|Syamaladevi, R - Washington State University|
|Bhunia, K - Washington State University|
|Sablani, S - Washington State University|
|Rasco, B - Washington State University|
|Killinger, K - Washington State University|
|Dhingra, A - Washington State University|
|Ross, C - Washington State University|
Submitted to: Postharvest Biology and Technology
Publication Type: Peer Reviewed Journal
Publication Acceptance Date: 8/4/2013
Publication Date: 1/1/2014
Citation: Syamaladevi, R.M., Lupien, S.L., Bhunia, K., Sablani, S.S., Dugan, F.M., Rasco, B., Killinger, K., Dhingra, A., Ross, C. 2014. UV-C light inactivation kinetics of Penicillium expansum on pear surfaces: Influence on physicochemical and sensory quality during storage. Postharvest Biology and Technology. 87:27-32.
Interpretive Summary: Fruit is often routinely disinfested with chlorine bleach (sodium hypochlorite) to reduce the numbers of fungi that can induce postharvest decay. Disinfestation with ultraviolet light is a potential commercial alternative to standard disinfestion of fruit with chlorine bleach. However, in addition to effects on fungal postharvest pathogens such as Penicillium, treatment with UV light may cause changes in fruit physiology and appearance, thereby affecting consumer preference. In this series of experiments, UV light reduced numbers of Penicillium spores on pear fruit, and had no negative effects on weight of product. However, color and flavor were impacted in ways resulting in diminished consumer preference relative to controls.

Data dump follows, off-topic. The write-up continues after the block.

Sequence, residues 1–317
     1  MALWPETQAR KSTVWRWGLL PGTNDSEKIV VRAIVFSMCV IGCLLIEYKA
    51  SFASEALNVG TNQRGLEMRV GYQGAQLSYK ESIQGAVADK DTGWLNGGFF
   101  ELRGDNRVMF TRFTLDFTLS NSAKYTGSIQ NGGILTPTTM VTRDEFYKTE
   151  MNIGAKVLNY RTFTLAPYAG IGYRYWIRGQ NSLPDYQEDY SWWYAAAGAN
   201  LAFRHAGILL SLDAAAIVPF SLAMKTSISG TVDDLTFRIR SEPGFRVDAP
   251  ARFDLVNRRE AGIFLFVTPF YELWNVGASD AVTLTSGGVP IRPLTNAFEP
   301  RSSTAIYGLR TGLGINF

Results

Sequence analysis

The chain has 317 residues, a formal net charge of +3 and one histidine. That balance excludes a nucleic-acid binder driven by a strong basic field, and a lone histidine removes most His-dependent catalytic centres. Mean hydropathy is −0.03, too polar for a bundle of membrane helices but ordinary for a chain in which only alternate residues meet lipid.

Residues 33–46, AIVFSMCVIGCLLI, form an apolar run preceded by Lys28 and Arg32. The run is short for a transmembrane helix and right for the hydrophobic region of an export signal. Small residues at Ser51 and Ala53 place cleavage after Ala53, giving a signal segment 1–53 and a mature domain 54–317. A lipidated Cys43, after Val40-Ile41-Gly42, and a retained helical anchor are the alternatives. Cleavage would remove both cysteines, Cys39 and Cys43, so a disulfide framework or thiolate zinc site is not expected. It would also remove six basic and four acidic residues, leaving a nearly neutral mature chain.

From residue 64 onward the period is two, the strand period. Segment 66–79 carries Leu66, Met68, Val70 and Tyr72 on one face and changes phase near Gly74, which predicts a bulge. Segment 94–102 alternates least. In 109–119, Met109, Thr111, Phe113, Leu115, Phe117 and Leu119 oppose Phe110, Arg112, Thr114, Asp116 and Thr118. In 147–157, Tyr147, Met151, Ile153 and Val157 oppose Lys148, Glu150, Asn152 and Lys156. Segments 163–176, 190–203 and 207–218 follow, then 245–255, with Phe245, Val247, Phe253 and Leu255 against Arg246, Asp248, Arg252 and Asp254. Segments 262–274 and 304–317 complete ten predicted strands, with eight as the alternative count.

Technical Abstract: Postharvest quality and storage life of fresh pear are often limited by fungal growth caused by Penicillium expansum. Ultraviolet-C light (UV-C 254 nm) is a promising alternative disinfestation method to reduce fruit spoilage by fungi. In this study, UV-C inactivation kinetic data of Penicillium expansum on intact and wounded pear surfaces were obtained. P. expansum conidia were spot inoculated onto intact and wounded pear surfaces with skin (excised disks) and treated with UV-C doses ranging 0.101-3.06 kJ/m2 at 23C. The UV-C treated and untreated (control) pear discs were washed with sterile water, conidia recovered, and enumerated after 72-96 hours on potato dextrose agar and colony forming units (CFU) were counted. Subsequent changes in total soluble solids, firmness, color, and pear flavor following UV-C treatment were determined immediately after treatment and at 4 and 8 weeks of storage at 4C. The population of P. expansum was decreased by 2.8 log CFU/g (P value < 0.05) after 1.7 kJ/m2) on intact pear surfaces and 2.7 log CFU/g (P value < 0.05) after 3.1 kJ/m2 on wounded pear surfaces, respectively. No significant difference (P = 0.05) in % weight loss, or Brix and texture was observed between UV-C treated and untreated pears. However, browning was observed on UV-C treated pear surfaces after 4 and 8 weeks along with changes in flavor and texture, with an increase in consumer preference for the untreated control observed after 4 weeks storage.